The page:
It is often at these times, when life seems full of nothing but complete chaos, that it is perhaps most imperative to just take maybe five minutes out of your day, to sit in silence, to clear your mind and just be. It may sound trivial, or like a cake-walk, but I see it as a challenge.

At least for myself, as a graduate student, juggling two jobs, trying to create art, I have this constant nagging bit of myself that yaps in the back of my mind to “be productive”. It is a challenge for me sometimes to turn that voice in my head off, and allow myself to just being. I trust that many others have a similar experience in the modern world we live in.

Imagine: five minutes, without a screen in front of your eyes, no scrolling through Facebook, instagram, twitter, whatever.

Just allow yourself to be excused from the distractions and sit with being.

Developing the habit of taking a few moments, regularly for yourself, for your own clarity, and your own peace, will allow you to greet your responsibilities with a renewed sense of calm, to engage in interactions with others in a much more inviting way.

Right Mindfulness is allowing yourself to be attentive to your mental state, and how you relate to the world around you. It is allowing yourself time and space. It is allowing yourself to access the abundant joy which exists here and now.

With this post, I invite you to go inward for however long your busy schedule allows, to bring about awareness in each moment, and to be full of joy that you are living it.

-A.K.

YOUR ACTIONS SPEAK LOUDER THAN: ur new years resolution fb post

Right Action
Post 4/8 of #8weeksofmindfulness based on the Eight-fold path in Buddhism

With our world fast approaching the New Year in the hours to come, we will all be clutching our cell phones, laptops, tablets, fingertips poised for posting our statuses, tweets, or blog posts about our New Years Resolutions, how this one will be different, etc.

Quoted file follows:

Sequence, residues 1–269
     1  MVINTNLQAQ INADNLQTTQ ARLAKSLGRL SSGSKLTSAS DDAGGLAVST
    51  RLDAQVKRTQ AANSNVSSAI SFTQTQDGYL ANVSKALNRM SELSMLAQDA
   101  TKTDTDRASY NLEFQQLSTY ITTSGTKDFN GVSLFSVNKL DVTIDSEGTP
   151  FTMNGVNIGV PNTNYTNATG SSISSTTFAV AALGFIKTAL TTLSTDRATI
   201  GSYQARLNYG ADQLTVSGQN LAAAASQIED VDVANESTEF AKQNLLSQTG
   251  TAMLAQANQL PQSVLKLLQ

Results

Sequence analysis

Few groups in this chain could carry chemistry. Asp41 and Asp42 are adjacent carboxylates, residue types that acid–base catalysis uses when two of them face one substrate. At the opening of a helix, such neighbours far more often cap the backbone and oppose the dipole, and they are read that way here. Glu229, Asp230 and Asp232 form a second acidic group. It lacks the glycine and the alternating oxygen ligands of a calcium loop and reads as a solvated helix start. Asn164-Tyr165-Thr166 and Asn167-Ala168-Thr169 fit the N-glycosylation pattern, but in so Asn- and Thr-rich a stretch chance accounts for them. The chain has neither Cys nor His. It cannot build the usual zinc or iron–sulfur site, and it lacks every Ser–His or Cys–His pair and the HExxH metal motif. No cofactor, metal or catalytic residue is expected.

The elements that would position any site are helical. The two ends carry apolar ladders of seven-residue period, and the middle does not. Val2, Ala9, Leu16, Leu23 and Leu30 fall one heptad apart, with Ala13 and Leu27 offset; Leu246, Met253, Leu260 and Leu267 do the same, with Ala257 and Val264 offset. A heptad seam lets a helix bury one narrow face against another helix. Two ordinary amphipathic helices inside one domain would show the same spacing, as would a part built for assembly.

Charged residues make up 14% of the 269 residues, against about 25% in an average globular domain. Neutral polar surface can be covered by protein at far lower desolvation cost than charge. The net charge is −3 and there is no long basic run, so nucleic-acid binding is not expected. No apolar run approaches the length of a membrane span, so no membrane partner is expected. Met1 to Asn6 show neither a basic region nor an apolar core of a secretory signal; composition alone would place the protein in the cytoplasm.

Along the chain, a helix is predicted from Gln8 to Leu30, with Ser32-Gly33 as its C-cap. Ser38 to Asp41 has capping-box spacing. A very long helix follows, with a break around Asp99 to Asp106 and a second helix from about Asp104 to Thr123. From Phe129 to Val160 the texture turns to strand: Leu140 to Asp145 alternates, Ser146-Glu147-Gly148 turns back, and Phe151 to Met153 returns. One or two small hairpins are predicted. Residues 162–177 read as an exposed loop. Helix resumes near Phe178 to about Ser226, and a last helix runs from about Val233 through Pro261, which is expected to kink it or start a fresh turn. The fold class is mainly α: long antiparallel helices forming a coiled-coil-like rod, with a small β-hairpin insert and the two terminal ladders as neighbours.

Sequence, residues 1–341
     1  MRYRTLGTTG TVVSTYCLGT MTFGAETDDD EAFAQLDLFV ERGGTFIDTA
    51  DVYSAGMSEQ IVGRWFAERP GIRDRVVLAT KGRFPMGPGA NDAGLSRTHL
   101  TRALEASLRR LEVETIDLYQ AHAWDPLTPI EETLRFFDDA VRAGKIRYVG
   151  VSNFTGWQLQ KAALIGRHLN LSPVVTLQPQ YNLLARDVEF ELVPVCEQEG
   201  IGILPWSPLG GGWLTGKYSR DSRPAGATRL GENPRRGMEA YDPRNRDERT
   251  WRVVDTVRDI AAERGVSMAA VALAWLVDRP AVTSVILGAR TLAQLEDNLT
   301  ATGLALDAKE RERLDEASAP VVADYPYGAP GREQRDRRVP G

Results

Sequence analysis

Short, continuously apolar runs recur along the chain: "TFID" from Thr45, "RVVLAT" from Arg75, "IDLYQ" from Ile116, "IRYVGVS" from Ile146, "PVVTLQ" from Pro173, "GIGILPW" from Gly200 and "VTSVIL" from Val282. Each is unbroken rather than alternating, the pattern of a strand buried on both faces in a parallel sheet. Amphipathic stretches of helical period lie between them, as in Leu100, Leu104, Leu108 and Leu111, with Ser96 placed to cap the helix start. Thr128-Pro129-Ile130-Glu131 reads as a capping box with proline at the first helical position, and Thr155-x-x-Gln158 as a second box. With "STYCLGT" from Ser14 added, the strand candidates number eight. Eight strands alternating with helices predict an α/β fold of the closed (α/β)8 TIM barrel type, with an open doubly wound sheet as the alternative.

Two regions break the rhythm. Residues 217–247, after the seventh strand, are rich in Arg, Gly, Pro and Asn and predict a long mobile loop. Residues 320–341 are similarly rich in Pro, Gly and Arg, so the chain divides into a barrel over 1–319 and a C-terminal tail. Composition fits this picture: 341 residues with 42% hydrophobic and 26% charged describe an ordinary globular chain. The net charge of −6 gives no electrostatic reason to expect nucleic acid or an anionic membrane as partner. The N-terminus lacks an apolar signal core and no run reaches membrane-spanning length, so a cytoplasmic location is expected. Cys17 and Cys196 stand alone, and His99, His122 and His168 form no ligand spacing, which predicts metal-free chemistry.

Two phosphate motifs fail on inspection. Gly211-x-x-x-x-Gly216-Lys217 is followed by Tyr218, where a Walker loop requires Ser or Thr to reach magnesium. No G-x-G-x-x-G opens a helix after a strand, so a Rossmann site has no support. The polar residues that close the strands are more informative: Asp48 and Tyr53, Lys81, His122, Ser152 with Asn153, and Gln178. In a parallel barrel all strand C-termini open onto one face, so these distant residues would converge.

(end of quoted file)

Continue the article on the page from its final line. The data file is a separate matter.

However different 2k15 may turn out to be, there is one thing that will inevitably remain the same: our continued connection to each other.

We will continue to be interdependent beings in 2015, whether we like it or not. We will still all continue to share this thing called human connection. We will share our stories and experiences with one another, and we will ultimately influence and impact each others lives, both directly and indirectly.

HAVING SAID THAT, Why not help to improve the quality of life for those around us?

While I don’t particularly believe in the significance of New Years resolutions, I do believe in goals: long-term, short-term, big and small. I constantly set little goals (and big goals) of not only things I would like to achieve, but also, things I would like to improve on physically, mentally/emotionally, spiritually.

If you are looking for some goals to discover a healthier, more positive version of yourself, or for a renewed outlook to start off the year with, a good place to start may be with examining your actions. Below are the five main aspects of Right Action from the eight-fold path the Buddha taught:

1) Respect life 2) Generosity 3) Avoid Physical misconduct 4) Loving speech and deep listening 5) Nourishment of your body

A little elaboration:

Focusing in on respecting all forms of life can allow us to appreciate the beauty and miracle that exists within all life forms. In this year we can remind ourselves to not take that for granted.

We can be generous with our presence and effort towards others. By doing so, we demonstrate genuine compassion for others. We care for others, and perhaps, in turn, are cared for. We are unselfish in our actions. We can choose to make the happiness of others a priority before our own.

In the physical misconduct category, the Buddha primarily taught of the dangers of sexual misconduct, which are issues of attachment and desire. I would venture further to include all physical misconduct, to any form of violence, physical harm towards another being.

Next, We can choose to offer loving speech and to listen deeply to the people in our lives in order to better understand them, their concerns and needs, because, sometimes, all we really need is to be heard, really heard.

Lastly, we can focus on nourishing our bodies. We can choose to make healthier choices to take better care of ourselves (whatever that may mean for you, specifically). Maybe, it’s to finally stop smoking, to eat more vegetables, or stop binge eating junk foods and learn to eat them in moderation.

The Buddha sums up Right Action in a small section of the Dhammapada: